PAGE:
Tejada hit on wrist, leaves game early
Longest active conecutive-games streak may be in jeopardy
SAN DIEGO -- The longest active consecutive games streak in baseball may now be history.
Baltimore shortstop Miguel Tejada, who has played in 1,151 straight games, was plunked in his left wrist late in Wednesday's game and is currently uncertain to play on Thursday. Tejada left early and initial X-rays showed no broken bones, but the four-time All-Star was taken to the hospital for further testing.
Tejada initially said he'd play Thursday, but changed his mind after consulting the team's training staff. He currently has the fifth-longest consecutive games streak in history and has played in every game since June 2000.
"I'm worried," he said in a frank admission after the game. "I feel like everything's fine, but there's a little swelling up here. I've got to wait. I've got to go to the hospital."
Tejada passed the streaks of two Hall of Famers -- Joe Sewell and Billy Williams -- earlier this season and was 56 games away from tying Steve Garvey for the fourth-longest streak. Baltimore's cleanup hitter got hit in the eighth inning by San Diego reliever Doug Brocail and immediately registered an acute amount of pain.
Baltimore's training staff came out to check on him, but Tejada talked them into letting him stay in the game. He came around to score in the eighth, but didn't come back out to play defense. The former Most Valuable Player said he moved his wrist into a defensive position and that it may have saved him from an even greater injury.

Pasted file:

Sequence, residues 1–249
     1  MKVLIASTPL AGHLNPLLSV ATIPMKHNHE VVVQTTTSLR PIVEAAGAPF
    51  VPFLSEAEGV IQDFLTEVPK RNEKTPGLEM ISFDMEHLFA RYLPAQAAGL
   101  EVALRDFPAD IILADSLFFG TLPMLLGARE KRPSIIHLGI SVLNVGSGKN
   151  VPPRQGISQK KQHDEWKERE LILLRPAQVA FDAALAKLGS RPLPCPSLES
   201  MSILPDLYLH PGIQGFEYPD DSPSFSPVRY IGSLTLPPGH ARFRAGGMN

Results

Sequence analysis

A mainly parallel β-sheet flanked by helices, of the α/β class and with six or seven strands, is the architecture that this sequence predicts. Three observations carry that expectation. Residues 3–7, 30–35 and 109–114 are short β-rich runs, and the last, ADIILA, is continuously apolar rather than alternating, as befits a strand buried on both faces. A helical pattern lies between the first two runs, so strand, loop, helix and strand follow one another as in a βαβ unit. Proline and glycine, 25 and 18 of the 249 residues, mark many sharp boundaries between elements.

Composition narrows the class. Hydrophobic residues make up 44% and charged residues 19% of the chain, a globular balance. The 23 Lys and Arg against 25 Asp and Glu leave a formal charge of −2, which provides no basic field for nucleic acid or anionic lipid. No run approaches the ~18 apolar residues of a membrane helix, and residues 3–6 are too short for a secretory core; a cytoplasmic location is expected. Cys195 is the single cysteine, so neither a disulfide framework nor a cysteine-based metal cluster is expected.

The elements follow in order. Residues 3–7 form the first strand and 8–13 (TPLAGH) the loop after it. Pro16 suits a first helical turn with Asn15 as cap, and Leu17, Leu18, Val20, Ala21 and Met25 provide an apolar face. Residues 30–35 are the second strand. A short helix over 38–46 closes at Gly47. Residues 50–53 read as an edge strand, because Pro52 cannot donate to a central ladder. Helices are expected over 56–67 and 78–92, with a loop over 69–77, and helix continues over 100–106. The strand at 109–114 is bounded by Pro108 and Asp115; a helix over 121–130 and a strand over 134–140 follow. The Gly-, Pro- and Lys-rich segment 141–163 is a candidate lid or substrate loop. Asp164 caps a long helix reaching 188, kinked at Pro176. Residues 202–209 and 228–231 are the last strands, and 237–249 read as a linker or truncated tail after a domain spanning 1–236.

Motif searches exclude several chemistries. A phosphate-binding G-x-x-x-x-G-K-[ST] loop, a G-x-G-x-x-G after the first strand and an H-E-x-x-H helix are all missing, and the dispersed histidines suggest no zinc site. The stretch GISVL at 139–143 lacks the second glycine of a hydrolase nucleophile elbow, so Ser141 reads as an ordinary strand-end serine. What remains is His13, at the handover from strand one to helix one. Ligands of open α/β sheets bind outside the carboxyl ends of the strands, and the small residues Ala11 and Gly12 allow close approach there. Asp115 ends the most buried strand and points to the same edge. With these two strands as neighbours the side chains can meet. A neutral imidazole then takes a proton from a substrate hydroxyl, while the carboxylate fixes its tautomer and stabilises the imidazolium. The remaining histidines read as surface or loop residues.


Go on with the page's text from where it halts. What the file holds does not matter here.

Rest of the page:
"I'm still scared," he said about the close encounter. "I was really scared when that ball was coming at my face. I just put my hand up to make sure the ball didn't hit me in the face."
If Tejada is able to play on Thursday, he will have survived the greatest peril to his streak. The infielder has been largely indestructible, immune to illness and minor body aches. He said he can still squeeze and had no problem getting through initial medical testing, but he admitted that he's not sure whether he'll be OK to play.
"I did all the movements the trainers made me do," he said before seeing the tests. "They said they're pretty sure I'm OK, but I think they have to wait until the doctors see the X-rays. I'll play [Thursday] if I don't have anything broken in there. I'm sure I'm going to be in the lineup tomorrow. I don't want to say 100 percent, but I'm going to try to play."
Spencer Fordin is a reporter for MLB.com. This story was not subject to the approval of Major League Baseball or its clubs.